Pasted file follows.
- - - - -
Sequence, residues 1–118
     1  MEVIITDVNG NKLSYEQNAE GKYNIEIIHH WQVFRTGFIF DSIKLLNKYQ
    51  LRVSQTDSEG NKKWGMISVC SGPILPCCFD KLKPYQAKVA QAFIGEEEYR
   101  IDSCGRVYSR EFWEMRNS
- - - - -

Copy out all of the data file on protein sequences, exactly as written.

Sequence, residues 1–118
     1  MEVIITDVNG NKLSYEQNAE GKYNIEIIHH WQVFRTGFIF DSIKLLNKYQ
    51  LRVSQTDSEG NKKWGMISVC SGPILPCCFD KLKPYQAKVA QAFIGEEEYR
   101  IDSCGRVYSR EFWEMRNS